- #36

ohwilleke

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What is R C O H in this context?

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- #36

ohwilleke

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What is R C O H in this context?

- #37

Auto-Didact

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Real Complex Octonion QuaternionWhat is R C O H in this context?

- #38

lpetrich

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These are the first four Cayley-Dickson algebras, starting with the real numbers and with each one of the others being produced from pairs of the elements of the previous one. The next one is he sedenions (size 16): S?

The algebras are rings with unity and with a conjugation operation that is a self-inverse (involution): ##(x^*)^* = x##. Each one is constructed from the previous one, if present, with operations

- Addition: ##(a,b) + (c,d) = (a+c, b+d)## (component-by-component)
- Multiplication: ##(a,b) (c,d) = (ac - d^*b, da + bc^*)##
- Conjugation: ##(a,b)^* = (a^*,-b)##

The real numbers have a complete set of properties, and higher -ions gradually drop them. Their multiplication is commutative and associative, and interchangeable with norming, and they are self-conjugate.

Complex numbers lose self-conjugacy.

Quaternions lose multiplication commutativity.

Octonions lose multiplication associativity, though they have a form of partial associativity known as alternativity: ##(xx)y = x(xy)##, ##(xy)x = x(yx)##, and ##(yx)x = y(xx)##.

Sedenions lose multiplication alternativity, though they have a limited form of associativity known as power-associativity: ##x^m x^n = x^{m+n}##, where m and n can be negative as well as nonnegative integers. They also lose product-norm interchange. In general, ##\|x y\| \ne \|x\| \|y\|##. They also acquire nontrivial divisors of zero.

Higher -ions have no change in properties from sedenions.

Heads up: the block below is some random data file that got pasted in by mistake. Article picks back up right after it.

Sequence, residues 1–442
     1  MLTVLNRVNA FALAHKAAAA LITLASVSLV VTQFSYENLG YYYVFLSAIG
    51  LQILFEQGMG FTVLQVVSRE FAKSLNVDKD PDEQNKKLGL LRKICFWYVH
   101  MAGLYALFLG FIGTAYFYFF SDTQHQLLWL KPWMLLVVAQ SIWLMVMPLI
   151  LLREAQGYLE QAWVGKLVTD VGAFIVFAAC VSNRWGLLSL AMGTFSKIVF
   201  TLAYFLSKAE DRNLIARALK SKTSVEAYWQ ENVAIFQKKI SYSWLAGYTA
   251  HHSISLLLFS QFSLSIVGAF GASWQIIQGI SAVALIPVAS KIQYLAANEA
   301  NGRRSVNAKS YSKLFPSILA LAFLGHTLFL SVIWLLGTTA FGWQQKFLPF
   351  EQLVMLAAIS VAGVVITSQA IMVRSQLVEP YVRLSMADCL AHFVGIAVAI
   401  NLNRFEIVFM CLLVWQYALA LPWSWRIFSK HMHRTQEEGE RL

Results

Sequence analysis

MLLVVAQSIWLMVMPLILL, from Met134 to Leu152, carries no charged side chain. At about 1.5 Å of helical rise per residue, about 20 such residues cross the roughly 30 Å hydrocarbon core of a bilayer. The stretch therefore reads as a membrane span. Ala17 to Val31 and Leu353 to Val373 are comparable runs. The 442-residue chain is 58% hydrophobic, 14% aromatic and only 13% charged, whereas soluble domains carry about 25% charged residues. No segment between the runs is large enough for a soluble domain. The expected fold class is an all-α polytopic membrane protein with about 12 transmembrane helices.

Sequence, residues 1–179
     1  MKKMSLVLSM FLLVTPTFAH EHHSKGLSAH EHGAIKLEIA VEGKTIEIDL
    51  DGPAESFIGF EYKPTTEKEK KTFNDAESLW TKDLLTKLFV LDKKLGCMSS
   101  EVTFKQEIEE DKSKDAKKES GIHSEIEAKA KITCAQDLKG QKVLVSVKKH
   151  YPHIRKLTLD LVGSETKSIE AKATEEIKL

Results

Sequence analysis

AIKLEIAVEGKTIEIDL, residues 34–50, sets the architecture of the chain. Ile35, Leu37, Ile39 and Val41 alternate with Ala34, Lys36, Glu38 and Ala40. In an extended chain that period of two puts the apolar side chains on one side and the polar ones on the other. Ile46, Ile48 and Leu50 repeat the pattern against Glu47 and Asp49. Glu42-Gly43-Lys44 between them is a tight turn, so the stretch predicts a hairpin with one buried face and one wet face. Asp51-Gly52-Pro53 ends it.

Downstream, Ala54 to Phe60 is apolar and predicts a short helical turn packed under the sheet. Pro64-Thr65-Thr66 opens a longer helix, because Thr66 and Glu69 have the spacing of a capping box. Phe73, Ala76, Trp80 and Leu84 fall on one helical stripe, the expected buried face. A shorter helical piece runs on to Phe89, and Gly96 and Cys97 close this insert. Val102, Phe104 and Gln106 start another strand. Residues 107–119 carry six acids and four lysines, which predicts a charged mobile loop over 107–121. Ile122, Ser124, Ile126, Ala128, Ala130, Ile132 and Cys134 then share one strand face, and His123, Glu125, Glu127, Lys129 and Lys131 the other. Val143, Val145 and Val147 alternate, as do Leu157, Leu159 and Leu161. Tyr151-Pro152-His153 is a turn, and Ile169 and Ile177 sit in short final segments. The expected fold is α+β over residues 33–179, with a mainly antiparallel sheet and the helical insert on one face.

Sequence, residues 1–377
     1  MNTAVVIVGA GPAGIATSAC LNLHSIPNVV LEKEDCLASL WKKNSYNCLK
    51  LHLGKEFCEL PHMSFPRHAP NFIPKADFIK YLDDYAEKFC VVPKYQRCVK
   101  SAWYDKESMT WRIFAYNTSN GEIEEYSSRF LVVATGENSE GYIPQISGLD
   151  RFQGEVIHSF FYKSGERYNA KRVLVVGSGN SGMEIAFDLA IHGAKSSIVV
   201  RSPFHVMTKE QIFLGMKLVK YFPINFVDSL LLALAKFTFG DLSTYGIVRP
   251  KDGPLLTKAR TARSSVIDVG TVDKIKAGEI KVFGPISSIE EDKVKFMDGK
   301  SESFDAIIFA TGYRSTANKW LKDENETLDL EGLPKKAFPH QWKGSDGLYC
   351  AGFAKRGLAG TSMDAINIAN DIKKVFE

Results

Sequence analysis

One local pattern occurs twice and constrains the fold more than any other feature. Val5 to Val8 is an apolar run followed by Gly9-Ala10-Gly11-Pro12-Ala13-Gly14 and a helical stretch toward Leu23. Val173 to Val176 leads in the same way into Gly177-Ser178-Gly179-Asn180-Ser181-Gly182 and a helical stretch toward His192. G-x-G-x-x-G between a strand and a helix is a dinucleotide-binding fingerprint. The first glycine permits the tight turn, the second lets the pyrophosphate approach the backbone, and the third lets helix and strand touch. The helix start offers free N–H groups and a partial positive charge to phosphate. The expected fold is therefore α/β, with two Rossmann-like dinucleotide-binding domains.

- #39

lpetrich

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The algebras' isomorphism groups are: R: identity group, C: Z2, H: SO(3), O and higher: G2. This seems related to the Standard Model with:

- U(1) - complex numbers
- SU(2) - quaternions
- SU(3) - subalgebra of G2, automorphisms of octonions

- #40

arivero

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What is R C O H in this context?

Hmm, RCHO, to preserve the order, sorry.

In the context of the interview with Atiyah, I am not sure if he wants to play with the proyective planes, which is a very usual bussiness in this field, or just with the straighforward ones. Relevant answer:

MA said:Exactly so. The non-commutativity of the quaternions is at the heart of the problem I deal with in my calculation of α. The non-associativity of the octonions is much harder and will be in my next paper. Gravity is much harder than gauge theories of compact Lie groups. The division algebras and the physical forces are a perfect fit. Let me explain. The compact groups that act on ℝ2 , ℂ2 , ℍ2 are SO(2), U(2), U(3). The first gives electromagnetism, the second gives the electroweak theory and the subgroup SU(3) is the gauge group of strong interactions. But 𝕆2 is acted on by octonions which do not give a group because they are non-associative. That is why gravity is harder than gauge theories.

- #41

lpetrich

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[URL='https://www.physicsforums.com/insights/author/john-baez/']John Baez on Octonions[/url] mentions some ways of getting around octonions' non-associativity, IIRC.

- #42

Hans de Vries

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Meaning algebrasR^{2},C^{2},H^{2}, andO^{2}.R^{2}gives us SO(2) ~ U(1),C^{2}gives us U(2) ~ SU(2) * U(1), andH^{2}gives us SO^{*}(4) ~ SU(2) * SL(2,R), not SU(3).

[URL='https://www.physicsforums.com/insights/author/john-baez/']John Baez on Octonions[/URL] mentions some ways of getting around octonions' non-associativity, IIRC.

This is from Hurwitz's original '##\mathbb{RCHO}##' paper:

Note that these arrays can be read in two ways:

1) ... As a multiplication table of the generators.

2) ... As a 2x2, 4x4 or 8x8 matrix where each matrix represents a generator.

In case of 1) for example ##x_3## represents the (entire) generator and the table shows the product of the generator of the first row multiplied with the generator in the first column.

In case of 2) the matrix representing ##x_3## has a +1 for each position which contains

in case of ##\mathbb{C}## and ##\mathbb{H}## each generator is represented by its matrix. The matrices form a group. All matrices are square roots of

Not so with ##\mathbb{O}## however. Both the generators and matrices still anti-commute with each other but:

In case of 1) the generators form a group but are not associative.

In case of 2) the matrices are associative (as matrices are always associative) but they do not form a group anymore.

In the later case the 8x8 matrices can be used to set up the space of a 7-sphere like the 4x4 matrices can be used for a 3-sphere, so:

$$\big(ax_2+bx_3+cx_4+dx_5+ex_6+fx_7+gx_8\big)^2 = -\big(a^2+b^2+c^2+d^2+e^2+f^2+g^2\big)I$$

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